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May 27

Segment 2 – The Campbellton roundabout to the Dog River Reservoir

Posted on May 27, 2021 at 4:48 PM by Allison Duncan

The second segment identified for analysis along Highway 166 stretches from the Campbellton roundabout to the eastern side of the Dog River Reservoir. This segment is defined by rural residential uses separated by dense wooded tracts.
Segment 2

Scenic/ Natural Qualities

This area best captures the Natural and Scenic Qualities of the Corridor. Dense tree canopy broken intermittently by vistas of pasture and homesites predominate in this section. The former Patterson Dairy site with its legacy barns and grain silos add to the Scenic Qualities along the corridor.  The dairy operations have ceased on the site, but it continues to be used agriculturally for the production of sod.
scenic byway imagery 19

There are several noteworthy road sections that are typical of the rural character roads that connect on and off the corridor.

  • Oak Hill Road connects Highway 166 to Chapel Hill Road.  One of the oldest houses in the area (discussed later) is located on this road.
  • Smith Ferry Road runs south off of Highway 166 ending on private property at the Chattahoochee River.  As the name implies, there was once a Ferry Crossing at this site, and Smith Hall (discussed later) is still extant.
  • Fouts Mill Road becomes a dirt road just past the entrance of a county wastewater treatment plant.  Remnants of its namesake mill (discussed later) are still located on Fouts Mill Road, though not accessible from this end of the corridor.
  • South River Road connects on the south side of Highway 166 in two places.  Notable for the fact that it formerly was part of the highway corridor up until the road was realigned in the late 1950s.
Smith Ferry Road

These roads provide opportunities for connectivity from the Scenic Byway to important sites just on the periphery of the study area that have value for both Historic and Recreational qualities.  The former Bear Creek Golf Course was acquired by the Southern Conservation Trust.  The Trust proposes to utilize the 5-miles of former golf cart paths as a multi-use trail network that winds around a nature preserve created on land of the former golf course.
Segment 2 Recreational Assets

Several buildings associated with Fouts Mill are located on private property on Fouts Mill Road.  According to the Property Record Card from the 1999 survey of Historic Resources in Douglas County, “…Fout’s Mill was the last of the several water-powered grist mills to operate the county.” The property was acquired in 1936 by Mark Fouts, and he constructed a grain mill on the site of an older 19th century mill. The mill operated until 1978.  Still extant are a residence constructed in a former warehouse; the original mill foundation; the mill store; grain storage; water house; grain bill; and remnants of a dam on Bear Creek.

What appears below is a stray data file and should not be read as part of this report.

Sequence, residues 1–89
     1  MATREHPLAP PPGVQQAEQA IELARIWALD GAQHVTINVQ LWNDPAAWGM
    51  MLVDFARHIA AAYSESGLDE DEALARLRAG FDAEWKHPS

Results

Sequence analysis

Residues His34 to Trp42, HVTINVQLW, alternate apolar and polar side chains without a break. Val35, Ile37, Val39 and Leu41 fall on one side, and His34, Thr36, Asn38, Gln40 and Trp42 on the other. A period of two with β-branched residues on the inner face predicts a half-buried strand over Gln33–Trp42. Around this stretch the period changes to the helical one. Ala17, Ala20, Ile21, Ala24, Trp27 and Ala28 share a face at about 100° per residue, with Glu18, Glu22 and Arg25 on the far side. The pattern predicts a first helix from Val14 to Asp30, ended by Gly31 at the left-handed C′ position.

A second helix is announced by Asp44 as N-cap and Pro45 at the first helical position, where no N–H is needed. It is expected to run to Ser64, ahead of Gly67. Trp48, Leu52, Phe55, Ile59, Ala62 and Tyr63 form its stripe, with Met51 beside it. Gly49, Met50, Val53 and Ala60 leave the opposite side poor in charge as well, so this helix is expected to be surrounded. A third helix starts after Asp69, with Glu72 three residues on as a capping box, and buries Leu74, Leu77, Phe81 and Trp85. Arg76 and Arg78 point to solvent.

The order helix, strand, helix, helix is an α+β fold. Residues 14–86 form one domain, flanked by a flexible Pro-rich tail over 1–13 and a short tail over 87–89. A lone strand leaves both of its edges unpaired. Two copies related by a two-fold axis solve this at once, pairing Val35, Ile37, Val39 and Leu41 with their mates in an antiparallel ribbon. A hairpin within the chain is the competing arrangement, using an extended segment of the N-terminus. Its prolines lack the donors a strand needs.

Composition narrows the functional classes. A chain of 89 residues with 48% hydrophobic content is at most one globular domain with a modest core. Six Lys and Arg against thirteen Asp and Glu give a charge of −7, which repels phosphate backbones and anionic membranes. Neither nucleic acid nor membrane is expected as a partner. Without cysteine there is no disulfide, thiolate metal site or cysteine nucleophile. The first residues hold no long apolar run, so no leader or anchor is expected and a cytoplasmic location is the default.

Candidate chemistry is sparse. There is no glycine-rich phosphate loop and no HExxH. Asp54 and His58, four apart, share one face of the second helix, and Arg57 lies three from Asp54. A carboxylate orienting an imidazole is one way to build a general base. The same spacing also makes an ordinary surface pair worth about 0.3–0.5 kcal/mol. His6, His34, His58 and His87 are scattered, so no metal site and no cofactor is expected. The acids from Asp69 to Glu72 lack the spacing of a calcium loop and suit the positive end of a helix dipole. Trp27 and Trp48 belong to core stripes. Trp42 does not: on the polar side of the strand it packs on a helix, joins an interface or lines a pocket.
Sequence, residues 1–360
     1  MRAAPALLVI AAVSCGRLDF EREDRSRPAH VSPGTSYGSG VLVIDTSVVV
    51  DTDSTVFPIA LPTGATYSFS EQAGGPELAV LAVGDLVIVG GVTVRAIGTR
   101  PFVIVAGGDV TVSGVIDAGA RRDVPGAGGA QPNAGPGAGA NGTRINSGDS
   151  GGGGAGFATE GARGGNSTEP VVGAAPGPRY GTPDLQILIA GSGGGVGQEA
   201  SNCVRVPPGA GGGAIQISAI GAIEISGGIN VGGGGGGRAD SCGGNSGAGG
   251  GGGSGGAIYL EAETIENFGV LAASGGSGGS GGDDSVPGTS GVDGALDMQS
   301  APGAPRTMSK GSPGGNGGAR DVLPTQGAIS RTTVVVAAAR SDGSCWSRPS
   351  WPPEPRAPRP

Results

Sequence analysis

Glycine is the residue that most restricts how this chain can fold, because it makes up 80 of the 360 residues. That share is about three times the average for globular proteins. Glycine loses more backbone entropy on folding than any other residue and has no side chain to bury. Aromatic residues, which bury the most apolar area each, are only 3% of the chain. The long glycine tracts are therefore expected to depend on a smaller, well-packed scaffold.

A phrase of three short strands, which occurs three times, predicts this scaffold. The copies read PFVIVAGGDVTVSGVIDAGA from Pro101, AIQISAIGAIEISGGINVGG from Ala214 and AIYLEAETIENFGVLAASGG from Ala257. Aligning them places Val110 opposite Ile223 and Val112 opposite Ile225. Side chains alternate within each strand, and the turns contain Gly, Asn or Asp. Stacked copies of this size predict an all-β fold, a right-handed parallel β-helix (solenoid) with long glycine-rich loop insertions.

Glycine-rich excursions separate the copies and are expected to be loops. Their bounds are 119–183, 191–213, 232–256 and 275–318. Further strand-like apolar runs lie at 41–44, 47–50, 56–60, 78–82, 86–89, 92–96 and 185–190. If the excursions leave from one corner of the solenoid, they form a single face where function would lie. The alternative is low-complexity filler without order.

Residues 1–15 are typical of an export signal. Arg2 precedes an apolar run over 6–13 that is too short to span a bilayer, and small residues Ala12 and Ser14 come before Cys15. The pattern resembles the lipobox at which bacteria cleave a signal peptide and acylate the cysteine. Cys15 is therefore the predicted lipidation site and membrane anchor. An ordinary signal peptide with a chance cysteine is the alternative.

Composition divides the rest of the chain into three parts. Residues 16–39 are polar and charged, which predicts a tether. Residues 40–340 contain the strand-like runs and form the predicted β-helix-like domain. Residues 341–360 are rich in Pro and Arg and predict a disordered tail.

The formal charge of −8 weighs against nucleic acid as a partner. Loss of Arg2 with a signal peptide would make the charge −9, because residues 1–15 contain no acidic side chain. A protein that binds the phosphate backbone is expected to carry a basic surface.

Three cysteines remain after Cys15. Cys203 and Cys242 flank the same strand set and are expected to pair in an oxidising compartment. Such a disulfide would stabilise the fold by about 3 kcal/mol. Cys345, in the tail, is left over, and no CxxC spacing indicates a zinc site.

Historic/ Cultural Qualities

The 1999 survey of historic resources in Douglas County identified several sites with historic value in this area.

  • 5716 South River Road
  • 5390 South River Road
  • 5981 South River Road (likely demolished)
  • Intersection of South River Road and Highway 166
  • 3861 Highway 166
  • 5130 Highway 166
  • 4688 Highway 166
  • 3644 Oak Hill Road
  • 4870 Smith Ferry Road
  • 6340 Smith Ferry Road

Natural/ Recreational Qualities

The Dog River Reservoir is not only an important natural resource for Douglas County, but also provides recreational opportunities, including boating and fishing. The Reservoir is managed by the Douglasville-Douglas County Water and Sewer Authority, and they provide information on archaeological excavations completed prior to construction of the reservoir.
scenic byway imagery 10

The Bear Creek Reservoir was the county’s drinking water reservoir prior to the construction of the Dog River Reservoir. It is an important back stop for the county’s drinking water supply in times of drought.

Punkintown Park is one of the newest parks in the county system.  Recreational amenities, including picnicking facilities, primitive camping facilities, and hiking paths, are currently under development.
Punkintown Park

Developed Areas

Subdivision development in this segment of the corridor is characterized by older neighborhoods developed on lots that are larger than one acre.  Prior to the recession of 2008-09, the demand for development had increased in this area. The completion of projects that came to a halt during the recession will introduce some of the first new residential development along the corridor in over a decade.
Segment 2 Year Built

As with other areas in the study boundary, floodplain from the Chattahoochee River, Anneewakee Creek, Bear Creek Dog River and other creeks and streams limit development opportunities in this area.  
Segment 2 floodplain